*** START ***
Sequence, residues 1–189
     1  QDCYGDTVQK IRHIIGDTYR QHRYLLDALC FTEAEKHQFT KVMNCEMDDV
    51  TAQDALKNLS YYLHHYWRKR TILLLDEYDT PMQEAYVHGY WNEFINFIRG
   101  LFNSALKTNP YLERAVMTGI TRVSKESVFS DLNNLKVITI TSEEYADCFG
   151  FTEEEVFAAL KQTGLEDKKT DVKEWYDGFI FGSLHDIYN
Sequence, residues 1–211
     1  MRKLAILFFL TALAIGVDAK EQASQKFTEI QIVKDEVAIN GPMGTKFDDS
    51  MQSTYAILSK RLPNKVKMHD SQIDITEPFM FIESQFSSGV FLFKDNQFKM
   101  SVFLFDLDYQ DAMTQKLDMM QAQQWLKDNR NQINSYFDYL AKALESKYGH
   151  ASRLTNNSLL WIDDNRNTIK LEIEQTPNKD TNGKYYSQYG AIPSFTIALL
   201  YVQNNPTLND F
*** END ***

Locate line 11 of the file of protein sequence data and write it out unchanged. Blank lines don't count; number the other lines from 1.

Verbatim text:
   201  YVQNNPTLND F